Photo: Mint
Photo: Mint

Govt mulls raising Rs1 lakh default threshold for invoking IBC: Injeti Srinivas

  • Government is considering the move to reduce number of cases in the NCLT
  • Corporate Affairs Secretary Srinivas says banks should look at other options for recovering loans before invoking the IBC

NEW DELHI : The government is examining suggestion to raise threshold of Rs1 lakh default to invoke the Insolvency and Bankruptcy Code (IBC) to reduce number of cases in the NCLT, Corporate Affairs Secretary Injeti Srinivas said.

The banks should be looking at other options for recovering loans before invoking the IBC, especially in those cases where amount of bad loans is not significant, he said.

"It has been observed that in few sectors there has been a spate of applications coming where single class borrower has triggered IBC. If a single homebuyer is triggering IBC because one lakh threshold has crossed or one day default has crossed, otherwise well functioning company comes to NCLT. It is not a very happy situation. There is a feedback...threshold approach has to be looked at," he said.

So that IBC process is not abused by anybody and there would be a serious thinking on some sort of threshold approach for class buyers like homebuyers and debenture holders, Srinivas added.

The IBC at present can only be triggered if there is a minimum default of 1 lakh. This process can be triggered by way of filing an application before the National Company Law Tribunal (NCLT). The process can be initiated by two classes of creditors, which would include financial creditors and operational creditors.

In the last three years 21,000 cases have come to the IBC, out of which nearly 10,000 cases have been settled. Of this, 8,500 cases prior to admission and about 1,500 cases resolved. Over 1,500 cases are under process.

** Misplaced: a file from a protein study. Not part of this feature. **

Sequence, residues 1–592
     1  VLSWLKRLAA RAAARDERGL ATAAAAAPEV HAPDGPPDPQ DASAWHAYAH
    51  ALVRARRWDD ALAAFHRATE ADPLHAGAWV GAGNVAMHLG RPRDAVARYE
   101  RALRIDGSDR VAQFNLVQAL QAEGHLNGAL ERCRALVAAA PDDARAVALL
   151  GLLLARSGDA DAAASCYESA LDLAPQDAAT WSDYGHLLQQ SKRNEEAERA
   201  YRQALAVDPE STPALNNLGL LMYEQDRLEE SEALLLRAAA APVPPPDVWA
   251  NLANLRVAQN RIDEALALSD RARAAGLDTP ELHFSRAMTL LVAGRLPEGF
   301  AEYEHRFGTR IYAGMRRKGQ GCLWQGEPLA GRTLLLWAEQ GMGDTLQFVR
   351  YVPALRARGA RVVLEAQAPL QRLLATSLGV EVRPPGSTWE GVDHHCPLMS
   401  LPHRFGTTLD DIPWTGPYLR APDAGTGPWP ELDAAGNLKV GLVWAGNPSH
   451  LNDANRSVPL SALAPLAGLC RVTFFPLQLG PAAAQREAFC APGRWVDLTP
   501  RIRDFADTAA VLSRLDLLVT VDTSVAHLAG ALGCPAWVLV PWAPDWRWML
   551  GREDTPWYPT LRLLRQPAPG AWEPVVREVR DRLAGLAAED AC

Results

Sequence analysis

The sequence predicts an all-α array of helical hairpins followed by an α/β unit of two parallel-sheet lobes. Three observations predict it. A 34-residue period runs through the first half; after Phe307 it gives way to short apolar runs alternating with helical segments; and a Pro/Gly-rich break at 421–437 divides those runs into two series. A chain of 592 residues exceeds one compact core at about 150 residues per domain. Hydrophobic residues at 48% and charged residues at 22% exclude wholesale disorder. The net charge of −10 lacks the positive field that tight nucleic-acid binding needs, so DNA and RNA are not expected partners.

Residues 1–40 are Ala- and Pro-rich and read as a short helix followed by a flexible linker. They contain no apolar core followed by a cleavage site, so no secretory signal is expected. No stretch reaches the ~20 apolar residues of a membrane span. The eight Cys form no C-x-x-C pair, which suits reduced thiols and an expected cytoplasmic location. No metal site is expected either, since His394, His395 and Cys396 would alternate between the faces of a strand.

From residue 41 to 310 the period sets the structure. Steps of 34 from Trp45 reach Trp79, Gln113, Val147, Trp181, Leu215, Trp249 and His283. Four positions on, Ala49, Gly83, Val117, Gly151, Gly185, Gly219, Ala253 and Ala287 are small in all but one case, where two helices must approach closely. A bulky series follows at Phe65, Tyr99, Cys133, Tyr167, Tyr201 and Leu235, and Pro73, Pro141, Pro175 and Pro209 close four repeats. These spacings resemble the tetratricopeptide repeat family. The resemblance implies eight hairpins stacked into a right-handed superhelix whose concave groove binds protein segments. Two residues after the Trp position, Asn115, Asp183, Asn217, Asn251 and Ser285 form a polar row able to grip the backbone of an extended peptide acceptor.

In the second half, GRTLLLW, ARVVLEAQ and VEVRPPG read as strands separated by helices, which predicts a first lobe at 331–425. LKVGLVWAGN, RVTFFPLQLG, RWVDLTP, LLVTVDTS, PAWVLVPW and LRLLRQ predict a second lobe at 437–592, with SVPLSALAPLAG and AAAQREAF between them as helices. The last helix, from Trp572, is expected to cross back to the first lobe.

"The whole issue of system getting clogged, these are real issues but the typical approach which will be beneficial is that cases that involve large outstanding and where IBC is the best option should actually take recourse to IBC. Things which are not having smaller outstanding can be better settled outside IBC. IBC is a rigorous process with lot of phases," he said.

Speaking to media after meeting the Finance Minister and heads of public sector banks, Srinivas said, bankers appreciated and mentioned that they would like to use the IBC as the last resort and not as first resort, and where outstanding is too large and things are very complex.

The IBC is a very beneficial process in large and complex cases and smallers exposures may not require it, he said while quoting bankers.

He further said the formula-based distribution is also being considered, which will help reduce litigation and time for disposal of cases.

There could be a possibility to make things more transparent and less litigation prone, whether you can have hybrid system of auction (of properties) where you have rigorous examination of resolution applicants, he added.

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